Wednesday, June 15, 2005


The New Skeptic is so named because the authors are skeptical of contemporary attitudes towards politics, philosophy, art, manners, &c. We are also committed to truly free thought, not the kind of self-styled open-mindedness and free-thinking that replaces one body of dogma with another. The dogmatic atheist, who simply believes in atheism, humanism, materialism, &c. without making his own beliefs susceptible to criticism and correction if they are proven untenable, is exactly as disgustingly dogmatic and closed-minded as the worst religious fanatic of the Middle Ages. Free thought and healthy skepticism are not functions of a different set of beliefs but of an attitude of humility before truth, of examination of all opinions and facts, especially one's own, and of a desire to match opinions with truth. Engaging in a sophistical tearing-down of beliefs and opposition to truth is not intellectually honest skepticism, but a kind of game played with philosophy, using thought to destroy thought, and unworthy of anyone but an errant schoolboy.

Now, having established what a free-thinker ought to be, I can show you the exemplar of the dishonest and immature "free-thinker." A few quotes, to establish the issue:
Critics contend that "Missing Heaven," the book chosen for the new Chester County reading program, has faith in God as a central theme. At least two groups have voiced concerns about the choice, and county commissioners -- who first endorsed the selection -- have apologized, saying they had not read it and were not fully versed on the story line.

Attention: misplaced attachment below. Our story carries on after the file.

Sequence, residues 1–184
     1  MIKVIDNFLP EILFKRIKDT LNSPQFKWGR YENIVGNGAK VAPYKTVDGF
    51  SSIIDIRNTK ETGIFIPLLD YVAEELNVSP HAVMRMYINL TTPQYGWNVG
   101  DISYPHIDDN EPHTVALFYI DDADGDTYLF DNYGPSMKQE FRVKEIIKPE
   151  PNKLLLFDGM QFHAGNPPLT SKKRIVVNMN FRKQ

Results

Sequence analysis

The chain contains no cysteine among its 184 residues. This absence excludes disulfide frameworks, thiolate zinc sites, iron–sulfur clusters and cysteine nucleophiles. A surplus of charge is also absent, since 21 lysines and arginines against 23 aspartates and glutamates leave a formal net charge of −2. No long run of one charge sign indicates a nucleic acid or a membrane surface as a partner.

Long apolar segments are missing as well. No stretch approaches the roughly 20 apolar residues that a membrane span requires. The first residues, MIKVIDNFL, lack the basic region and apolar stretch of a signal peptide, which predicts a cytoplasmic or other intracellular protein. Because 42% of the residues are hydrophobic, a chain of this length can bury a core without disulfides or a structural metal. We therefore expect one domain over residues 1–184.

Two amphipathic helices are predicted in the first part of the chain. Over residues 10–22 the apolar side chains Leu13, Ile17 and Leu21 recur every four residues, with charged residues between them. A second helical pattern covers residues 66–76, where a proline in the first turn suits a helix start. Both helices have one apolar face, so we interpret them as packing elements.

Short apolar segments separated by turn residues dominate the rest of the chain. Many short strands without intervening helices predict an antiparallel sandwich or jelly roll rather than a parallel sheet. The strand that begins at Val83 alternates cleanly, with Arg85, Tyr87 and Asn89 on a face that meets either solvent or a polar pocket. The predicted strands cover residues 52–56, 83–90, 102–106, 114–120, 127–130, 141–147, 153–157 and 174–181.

The Freethought Society of Greater Philadelphia and the Anti-Defamation League said that "Missing Heaven" and questions posed in an accompanying discussion guide have an inappropriately heavy focus on religion for a public library program.
The book may entangle (the county and the library) in a philosophical question that is best left in the family and the church.
Why is the "Freethought Society" so concerned with silencing any discussion of religion, and indeed trying to dissuade people from reading a book that uses religious themes? Are the "free-thinkers" frightened of opinions that do not match their own? Having rejected religion themselves (except, probably, an atheism so dogmatic as to count as a religion itself), they seek to interfere with others' coming to their own open-minded, freely-debated conclusions about religion.

How enlightened of them. Perhaps we should build a fire and burn these offensive books.

The final sin committed by the book might engage in a philosophical question! How very, very telling. The "free-thinkers" don't want anyone to debate a philosophical question, since it's best left to the family and the church...except, well, the "free-thinkers" themselves are becoming involved in the question already. They must know better, and they'll keep everyone else ignorant - for their own protection.

Is it clear who the real free-thinkers are?


Post a Comment

Subscribe to Post Comments [Atom]

<< Home